merielle: purple passiflora on a barbed wire fence (Default)
SCENE: Playing Panic! at the Disco's "Nine in the Afternoon" in Rock Band in our family room

The Fella: "What the hell is this song about, anyway?"
Me: "I don't know. It's Panic! at the Disco. Maybe it's about drugs. Or love. Or chickens. Or druggy love chickens."
The Fella: "I think Druggy Love Chickens should be our Panic! at the Disco cover band."

<3 <3 <3
merielle: purple passiflora on a barbed wire fence (Default)
BFF's youngest daughter: "I want to know how to whistle."
BFF: [explains to make a circle with your mouth and blow, have to experiment to find the right shape]
Daughter: "NO! I mean whistle with your fingers and your mouth."
BFF: "I don't know how to whistle with my fingers."
Daughter: "NO! Not just with your fingers. With your fingers and your mouth!"
BFF: "I know what you mean. I just don't know how to do that."
[This part gets repeated a couple of times]
Daughter, exasperated: "But you're a GROWNUP. And GROWNUPS know EVERYTHING about whistling!"

Ooookay.

BFF goes on to explain that, like kiddos, grownups know many things and can do some things well but not others. Daughter is unimpressed.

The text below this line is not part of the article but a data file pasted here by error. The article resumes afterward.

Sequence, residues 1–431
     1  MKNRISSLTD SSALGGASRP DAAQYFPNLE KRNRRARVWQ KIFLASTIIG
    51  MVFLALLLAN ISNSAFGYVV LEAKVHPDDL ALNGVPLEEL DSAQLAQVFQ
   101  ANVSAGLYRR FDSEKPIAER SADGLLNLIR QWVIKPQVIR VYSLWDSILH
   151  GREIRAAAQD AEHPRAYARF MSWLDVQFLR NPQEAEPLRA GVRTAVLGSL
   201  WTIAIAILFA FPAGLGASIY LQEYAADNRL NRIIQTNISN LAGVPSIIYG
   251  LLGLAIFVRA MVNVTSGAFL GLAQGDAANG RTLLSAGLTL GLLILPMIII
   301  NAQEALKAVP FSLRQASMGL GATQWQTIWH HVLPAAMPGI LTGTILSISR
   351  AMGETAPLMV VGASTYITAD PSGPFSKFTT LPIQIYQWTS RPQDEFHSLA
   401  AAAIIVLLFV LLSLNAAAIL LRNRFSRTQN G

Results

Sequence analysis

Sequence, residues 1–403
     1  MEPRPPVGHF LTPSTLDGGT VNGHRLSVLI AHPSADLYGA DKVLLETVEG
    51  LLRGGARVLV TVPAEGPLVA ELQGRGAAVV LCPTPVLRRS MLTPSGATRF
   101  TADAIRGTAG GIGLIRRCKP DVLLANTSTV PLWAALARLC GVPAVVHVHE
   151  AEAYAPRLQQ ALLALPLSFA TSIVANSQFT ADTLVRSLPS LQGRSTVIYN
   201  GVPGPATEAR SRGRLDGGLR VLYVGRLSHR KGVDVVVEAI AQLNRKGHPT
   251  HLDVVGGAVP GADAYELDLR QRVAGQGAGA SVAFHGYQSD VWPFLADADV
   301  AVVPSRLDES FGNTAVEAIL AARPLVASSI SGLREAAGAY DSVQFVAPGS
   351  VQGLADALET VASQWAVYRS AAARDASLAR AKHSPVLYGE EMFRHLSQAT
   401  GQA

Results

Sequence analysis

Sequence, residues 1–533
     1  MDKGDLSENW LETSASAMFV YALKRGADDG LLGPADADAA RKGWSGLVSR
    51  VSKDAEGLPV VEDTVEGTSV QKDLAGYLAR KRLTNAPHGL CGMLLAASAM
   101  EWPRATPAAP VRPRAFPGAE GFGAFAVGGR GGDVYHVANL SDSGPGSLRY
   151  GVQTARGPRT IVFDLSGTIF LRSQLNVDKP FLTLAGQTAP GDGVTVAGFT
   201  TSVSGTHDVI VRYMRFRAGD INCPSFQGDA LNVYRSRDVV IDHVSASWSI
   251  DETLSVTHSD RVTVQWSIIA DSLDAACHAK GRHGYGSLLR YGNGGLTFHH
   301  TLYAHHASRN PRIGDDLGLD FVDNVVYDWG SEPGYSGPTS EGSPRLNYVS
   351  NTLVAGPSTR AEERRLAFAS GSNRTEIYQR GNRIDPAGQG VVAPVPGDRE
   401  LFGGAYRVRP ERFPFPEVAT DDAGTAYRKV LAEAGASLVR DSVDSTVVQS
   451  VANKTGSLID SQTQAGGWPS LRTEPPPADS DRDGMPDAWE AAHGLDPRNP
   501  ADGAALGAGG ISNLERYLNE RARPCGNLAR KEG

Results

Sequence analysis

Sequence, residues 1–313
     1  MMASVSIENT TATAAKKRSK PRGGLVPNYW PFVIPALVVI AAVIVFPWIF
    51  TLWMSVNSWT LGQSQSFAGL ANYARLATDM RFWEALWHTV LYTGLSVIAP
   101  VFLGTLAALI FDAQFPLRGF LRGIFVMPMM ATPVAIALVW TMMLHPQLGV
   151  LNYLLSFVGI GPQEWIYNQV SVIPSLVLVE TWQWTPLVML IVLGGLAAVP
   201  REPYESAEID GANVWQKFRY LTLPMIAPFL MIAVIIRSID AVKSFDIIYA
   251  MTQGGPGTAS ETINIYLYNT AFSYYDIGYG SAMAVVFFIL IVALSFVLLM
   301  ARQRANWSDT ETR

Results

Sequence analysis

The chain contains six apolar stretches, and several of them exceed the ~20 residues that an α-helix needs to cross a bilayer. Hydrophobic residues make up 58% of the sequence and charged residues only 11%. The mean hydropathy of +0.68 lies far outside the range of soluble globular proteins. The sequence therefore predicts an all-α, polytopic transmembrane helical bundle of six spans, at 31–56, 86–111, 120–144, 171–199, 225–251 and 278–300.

merielle: purple passiflora on a barbed wire fence (Default)
Me, regarding a character on a show behaving oddly: "What's wrong with him?!"
Partner: "I have to assume he has some sort of plot point attacking him."

<3 <3 <3
merielle: purple passiflora on a barbed wire fence (Default)
These are nothing resembling complete; they're just things that struck me, so I wrote them down.

From the Feminist Intersectionality panel:
- Ian Hagemann: "Ally" is not an identity you get to keep all the time. You not even have a say in whether you get it.
- Ian on how to be an ally but not speak for others: You can start with an I statement - "I have a different opinion" or "Please don't use that language around me." Or step up and make space - "I'd like to hear what (x) has to say about that" - and then step back.
- Isabel - No outgroup is a monolith. [My reaction to this: one of the concepts I recall most vividly from my social psych courses is outgroup homogeneity bias. So probably this is something we all have to work very, very hard to remember. :( ]
- Betsy - Disability accommodation != accommodation for wheelchairs. If you ask Jesse the K, who's in a chair, and Betsy, who has arthritis, about what they need, you'll get really different answers.

From the Feminist Coalition-building panel:
- Culturally relevant approaches matter. Seriously. All the time. If you ask an Inuit child, "If I have 3 apples and you have 4, how many apples are there," that child will probably not answer, "7." Community values about sharing mean that zie is probably going to say something like, "We can all have some apples." Interesting!